Security Focuses: The Science of Cybersecurity – a summary

Today I attended Security Focuses: The Science of Cybersecurity. Here’s my inexpert summary of the event.

The costs and risks of security are increasing

  • 90% of large businesses had a security breach last year.
  • Security breaches are becoming more expensive: £1.15 million in 2014; £3.14 million in 2015
  • 1,000,000 new pieces of malware are created each day.
  • 14x increase in infections year on year.
  • When Target was hacked, its CEO and CIO resigned. So directors’ jobs are more vulnerable to security risk.

Basic framework for cybersecurity

  • Assess
  • Detect
  • Protect
  • Respond

Reactive approaches to security aren’t good enough. We need a proactive approach, with a broader vision

Talk Talk only noticed they were hacked because their website slowed down. So they probably aren’t an exemplar of best practice.

Threat Inteligence allows us to:

  • identify and resolve internal and external threats.
  • understand how attackers think and behave, and select appropriate countermeasures
  • focus our security resources in the most important areas

We need a broader approach to cybersecurity:

  • Holistic view of systems needed, not a silo approach (e.g. via end-to-end cloud systems, rather than having server security separate to firewall)
  • of external threat environment (e.g. via a threat exchange)

The future of cybersecurity

Analytical detection is more sophisticated than signature detection

A signature approach is the most basic; rules are a bit more sophisticated, correlations are better still, but an analytical approach is strongest for identifying security issues.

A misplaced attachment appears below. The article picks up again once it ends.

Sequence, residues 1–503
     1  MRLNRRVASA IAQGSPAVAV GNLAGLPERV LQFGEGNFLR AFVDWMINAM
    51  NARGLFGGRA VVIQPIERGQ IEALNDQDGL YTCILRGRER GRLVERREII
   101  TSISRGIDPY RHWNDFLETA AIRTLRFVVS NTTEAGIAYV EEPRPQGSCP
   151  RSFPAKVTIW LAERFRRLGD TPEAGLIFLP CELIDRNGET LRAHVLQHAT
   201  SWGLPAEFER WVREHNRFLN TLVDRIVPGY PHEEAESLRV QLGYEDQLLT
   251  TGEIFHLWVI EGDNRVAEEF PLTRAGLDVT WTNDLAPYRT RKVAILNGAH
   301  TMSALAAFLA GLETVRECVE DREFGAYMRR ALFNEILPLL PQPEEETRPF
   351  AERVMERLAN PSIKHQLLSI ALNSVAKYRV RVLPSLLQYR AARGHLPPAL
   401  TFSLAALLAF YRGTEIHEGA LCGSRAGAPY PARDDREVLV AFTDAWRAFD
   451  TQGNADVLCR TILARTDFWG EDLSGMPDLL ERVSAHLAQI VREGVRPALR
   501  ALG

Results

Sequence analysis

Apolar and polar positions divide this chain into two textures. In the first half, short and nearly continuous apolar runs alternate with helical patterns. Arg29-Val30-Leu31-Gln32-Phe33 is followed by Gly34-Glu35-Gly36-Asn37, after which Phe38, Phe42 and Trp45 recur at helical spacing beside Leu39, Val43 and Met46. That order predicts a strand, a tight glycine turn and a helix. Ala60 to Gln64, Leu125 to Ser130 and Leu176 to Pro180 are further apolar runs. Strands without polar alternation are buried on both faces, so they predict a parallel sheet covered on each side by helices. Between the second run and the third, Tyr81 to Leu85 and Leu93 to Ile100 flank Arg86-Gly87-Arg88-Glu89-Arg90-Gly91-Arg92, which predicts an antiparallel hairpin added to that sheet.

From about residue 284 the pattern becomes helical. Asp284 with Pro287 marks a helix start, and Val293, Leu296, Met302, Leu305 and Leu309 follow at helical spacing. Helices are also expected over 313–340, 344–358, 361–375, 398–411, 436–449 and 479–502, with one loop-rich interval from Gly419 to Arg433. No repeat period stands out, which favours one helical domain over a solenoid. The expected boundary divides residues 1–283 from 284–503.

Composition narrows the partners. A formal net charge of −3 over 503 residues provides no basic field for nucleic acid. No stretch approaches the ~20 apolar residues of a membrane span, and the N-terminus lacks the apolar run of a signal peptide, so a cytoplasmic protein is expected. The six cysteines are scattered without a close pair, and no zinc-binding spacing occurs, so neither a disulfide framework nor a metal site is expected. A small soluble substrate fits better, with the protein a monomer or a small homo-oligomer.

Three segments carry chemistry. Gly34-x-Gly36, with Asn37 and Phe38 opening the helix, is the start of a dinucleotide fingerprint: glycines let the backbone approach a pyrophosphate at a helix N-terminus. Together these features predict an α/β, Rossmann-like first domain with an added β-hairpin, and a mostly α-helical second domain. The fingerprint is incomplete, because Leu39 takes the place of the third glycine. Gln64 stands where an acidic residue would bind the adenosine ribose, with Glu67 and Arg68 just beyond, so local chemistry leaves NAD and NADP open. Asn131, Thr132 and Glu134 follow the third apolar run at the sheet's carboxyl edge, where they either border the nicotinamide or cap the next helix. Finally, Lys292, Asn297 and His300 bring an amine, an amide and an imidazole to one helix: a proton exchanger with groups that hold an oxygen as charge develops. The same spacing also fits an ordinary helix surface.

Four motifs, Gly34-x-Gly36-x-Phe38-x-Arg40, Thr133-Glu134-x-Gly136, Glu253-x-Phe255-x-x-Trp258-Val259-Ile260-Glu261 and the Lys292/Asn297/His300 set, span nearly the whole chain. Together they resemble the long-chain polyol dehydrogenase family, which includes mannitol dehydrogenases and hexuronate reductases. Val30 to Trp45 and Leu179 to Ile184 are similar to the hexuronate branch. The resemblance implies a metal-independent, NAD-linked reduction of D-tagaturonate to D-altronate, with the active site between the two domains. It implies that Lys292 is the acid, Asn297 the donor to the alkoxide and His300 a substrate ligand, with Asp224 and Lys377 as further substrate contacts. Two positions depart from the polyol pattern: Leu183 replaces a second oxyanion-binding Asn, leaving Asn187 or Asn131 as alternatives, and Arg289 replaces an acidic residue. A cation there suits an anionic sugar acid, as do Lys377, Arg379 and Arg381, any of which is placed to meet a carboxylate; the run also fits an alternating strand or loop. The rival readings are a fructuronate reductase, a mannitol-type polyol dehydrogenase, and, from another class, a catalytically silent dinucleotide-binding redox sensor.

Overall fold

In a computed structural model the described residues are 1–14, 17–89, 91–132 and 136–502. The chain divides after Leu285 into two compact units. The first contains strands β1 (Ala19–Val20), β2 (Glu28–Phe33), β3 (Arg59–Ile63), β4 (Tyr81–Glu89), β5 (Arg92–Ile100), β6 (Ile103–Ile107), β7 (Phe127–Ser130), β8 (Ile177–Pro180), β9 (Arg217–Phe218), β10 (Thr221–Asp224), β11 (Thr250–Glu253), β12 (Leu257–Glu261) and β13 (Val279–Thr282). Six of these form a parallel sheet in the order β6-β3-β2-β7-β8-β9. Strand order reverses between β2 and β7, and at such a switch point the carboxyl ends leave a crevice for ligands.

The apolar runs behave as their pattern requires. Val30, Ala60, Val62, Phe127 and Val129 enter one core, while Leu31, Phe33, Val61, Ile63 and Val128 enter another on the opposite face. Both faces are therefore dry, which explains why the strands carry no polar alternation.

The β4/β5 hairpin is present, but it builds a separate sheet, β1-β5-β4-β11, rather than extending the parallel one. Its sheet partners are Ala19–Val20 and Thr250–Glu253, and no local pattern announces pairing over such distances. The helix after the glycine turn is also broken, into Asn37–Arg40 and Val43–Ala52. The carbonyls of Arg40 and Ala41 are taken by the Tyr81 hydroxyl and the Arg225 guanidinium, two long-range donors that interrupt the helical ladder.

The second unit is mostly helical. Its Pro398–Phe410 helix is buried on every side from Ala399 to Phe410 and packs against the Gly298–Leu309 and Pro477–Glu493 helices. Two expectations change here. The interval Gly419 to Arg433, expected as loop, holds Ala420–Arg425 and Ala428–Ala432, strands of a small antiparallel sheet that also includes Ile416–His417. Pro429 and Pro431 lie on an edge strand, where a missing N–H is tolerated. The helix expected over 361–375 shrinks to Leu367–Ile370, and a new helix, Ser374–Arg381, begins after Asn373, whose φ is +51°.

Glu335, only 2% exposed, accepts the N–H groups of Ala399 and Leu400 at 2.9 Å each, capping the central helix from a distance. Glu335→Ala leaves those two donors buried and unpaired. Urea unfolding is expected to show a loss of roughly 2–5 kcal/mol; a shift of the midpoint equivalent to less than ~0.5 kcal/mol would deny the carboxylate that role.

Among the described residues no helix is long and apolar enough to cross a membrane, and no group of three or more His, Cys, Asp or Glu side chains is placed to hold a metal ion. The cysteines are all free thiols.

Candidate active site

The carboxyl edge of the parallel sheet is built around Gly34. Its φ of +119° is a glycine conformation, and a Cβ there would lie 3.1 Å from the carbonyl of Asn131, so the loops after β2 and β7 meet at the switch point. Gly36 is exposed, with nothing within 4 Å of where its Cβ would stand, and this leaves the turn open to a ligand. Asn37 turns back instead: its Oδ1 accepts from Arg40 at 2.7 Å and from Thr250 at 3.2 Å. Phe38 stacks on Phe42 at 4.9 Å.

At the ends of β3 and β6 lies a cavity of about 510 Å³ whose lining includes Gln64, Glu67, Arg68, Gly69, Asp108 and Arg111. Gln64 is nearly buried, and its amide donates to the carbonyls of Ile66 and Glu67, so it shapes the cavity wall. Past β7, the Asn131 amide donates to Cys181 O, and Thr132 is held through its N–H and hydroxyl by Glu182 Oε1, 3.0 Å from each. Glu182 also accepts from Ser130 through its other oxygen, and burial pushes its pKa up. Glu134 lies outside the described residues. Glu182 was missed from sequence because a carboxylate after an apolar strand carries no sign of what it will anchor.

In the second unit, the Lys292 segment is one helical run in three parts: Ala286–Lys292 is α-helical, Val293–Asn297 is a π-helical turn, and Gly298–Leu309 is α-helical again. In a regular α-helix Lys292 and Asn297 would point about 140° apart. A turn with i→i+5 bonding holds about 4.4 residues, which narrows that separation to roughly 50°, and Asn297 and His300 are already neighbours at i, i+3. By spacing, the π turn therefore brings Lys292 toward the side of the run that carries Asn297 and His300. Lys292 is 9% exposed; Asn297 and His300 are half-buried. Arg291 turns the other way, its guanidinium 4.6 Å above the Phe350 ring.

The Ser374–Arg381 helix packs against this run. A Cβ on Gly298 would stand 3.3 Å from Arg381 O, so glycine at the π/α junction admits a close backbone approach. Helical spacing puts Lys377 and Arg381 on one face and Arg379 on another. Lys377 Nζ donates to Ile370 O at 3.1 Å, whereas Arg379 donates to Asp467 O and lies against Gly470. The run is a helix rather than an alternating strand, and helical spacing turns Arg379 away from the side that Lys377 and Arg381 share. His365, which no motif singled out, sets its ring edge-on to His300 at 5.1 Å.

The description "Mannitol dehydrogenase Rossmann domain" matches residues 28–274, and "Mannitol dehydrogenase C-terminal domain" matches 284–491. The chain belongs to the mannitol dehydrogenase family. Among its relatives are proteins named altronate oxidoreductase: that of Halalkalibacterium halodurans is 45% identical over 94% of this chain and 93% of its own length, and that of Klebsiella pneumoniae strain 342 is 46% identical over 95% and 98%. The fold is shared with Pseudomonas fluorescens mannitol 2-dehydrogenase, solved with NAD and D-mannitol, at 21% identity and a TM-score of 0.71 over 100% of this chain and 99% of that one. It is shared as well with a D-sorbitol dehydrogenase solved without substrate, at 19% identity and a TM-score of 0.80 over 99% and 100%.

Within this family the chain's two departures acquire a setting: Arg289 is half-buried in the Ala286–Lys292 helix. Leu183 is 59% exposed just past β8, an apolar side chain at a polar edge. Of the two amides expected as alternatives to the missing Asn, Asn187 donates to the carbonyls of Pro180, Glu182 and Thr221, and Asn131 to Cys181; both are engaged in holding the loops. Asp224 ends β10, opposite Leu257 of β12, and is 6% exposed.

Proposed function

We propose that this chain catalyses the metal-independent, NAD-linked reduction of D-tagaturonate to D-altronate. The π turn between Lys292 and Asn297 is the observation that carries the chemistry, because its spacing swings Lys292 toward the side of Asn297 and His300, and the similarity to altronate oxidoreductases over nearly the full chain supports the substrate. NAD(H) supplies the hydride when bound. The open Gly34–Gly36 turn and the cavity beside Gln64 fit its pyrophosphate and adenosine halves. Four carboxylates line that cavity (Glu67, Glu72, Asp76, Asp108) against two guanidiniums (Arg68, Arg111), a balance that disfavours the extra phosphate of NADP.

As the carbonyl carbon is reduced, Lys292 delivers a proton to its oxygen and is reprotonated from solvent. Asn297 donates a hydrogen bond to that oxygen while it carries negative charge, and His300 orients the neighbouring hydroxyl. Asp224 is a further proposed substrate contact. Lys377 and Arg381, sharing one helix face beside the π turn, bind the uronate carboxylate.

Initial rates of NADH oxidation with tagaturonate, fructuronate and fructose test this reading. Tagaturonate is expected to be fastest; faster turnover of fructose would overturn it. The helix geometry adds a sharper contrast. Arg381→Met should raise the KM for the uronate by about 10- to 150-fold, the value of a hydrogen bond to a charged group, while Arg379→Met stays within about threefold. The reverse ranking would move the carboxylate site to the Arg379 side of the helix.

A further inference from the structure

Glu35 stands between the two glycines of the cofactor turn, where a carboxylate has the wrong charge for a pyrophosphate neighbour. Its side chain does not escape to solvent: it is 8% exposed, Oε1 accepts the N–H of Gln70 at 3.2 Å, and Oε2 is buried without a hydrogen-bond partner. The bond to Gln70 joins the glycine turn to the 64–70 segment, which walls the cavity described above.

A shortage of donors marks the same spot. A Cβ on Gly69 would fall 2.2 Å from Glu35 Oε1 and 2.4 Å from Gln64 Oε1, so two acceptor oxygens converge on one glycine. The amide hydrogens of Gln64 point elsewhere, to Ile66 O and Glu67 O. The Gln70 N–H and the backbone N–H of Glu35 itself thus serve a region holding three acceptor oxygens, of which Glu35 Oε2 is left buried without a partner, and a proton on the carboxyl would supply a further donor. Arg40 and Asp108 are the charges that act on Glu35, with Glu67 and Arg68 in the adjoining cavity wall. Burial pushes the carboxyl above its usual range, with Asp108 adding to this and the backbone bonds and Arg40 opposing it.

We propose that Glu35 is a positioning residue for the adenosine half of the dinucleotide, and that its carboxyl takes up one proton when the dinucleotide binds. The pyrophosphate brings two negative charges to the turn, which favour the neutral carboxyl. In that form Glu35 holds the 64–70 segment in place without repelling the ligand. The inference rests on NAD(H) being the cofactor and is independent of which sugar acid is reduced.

Your internal understanding of your network estate is different to how external attackers will see it. So it’s useful to carry out external footprinting.

Hackers can use less well-defended elements of an organisation’s web presence to successively break in to other areas.

e.g. lots of the 2011 Sony hacks were on smaller, national sites. The hackers had a better understanding of Sony’s footprint and vulnerabilities than Sony did.

The commoditization of exploits

Charl van der Walt’s excellent presentation was my highlight of the day.

Zerodium recently paid a bounty for jailbreaking iOS9:

Zerodium can now sell knowledge of this exploit to clients.

Because Apple doesn’t know what the exploit is, these clients can reliably use this exploit to attack people.

Government security services want reliable exploits like these, which leads to this commoditization of the exploit market. It also leads to the industrial use of these purchased exploits as they are employed at scale. This is in contrast to the more patient, research- and expertise-led footprinting carried out by other attackers, which presumably requires much more resource for a given output.

I found the day an interesting overview of the cybersecurity space. The biggest single improvement I’d recommend for next year is including female speakers – the keynotes were entirely presented by men.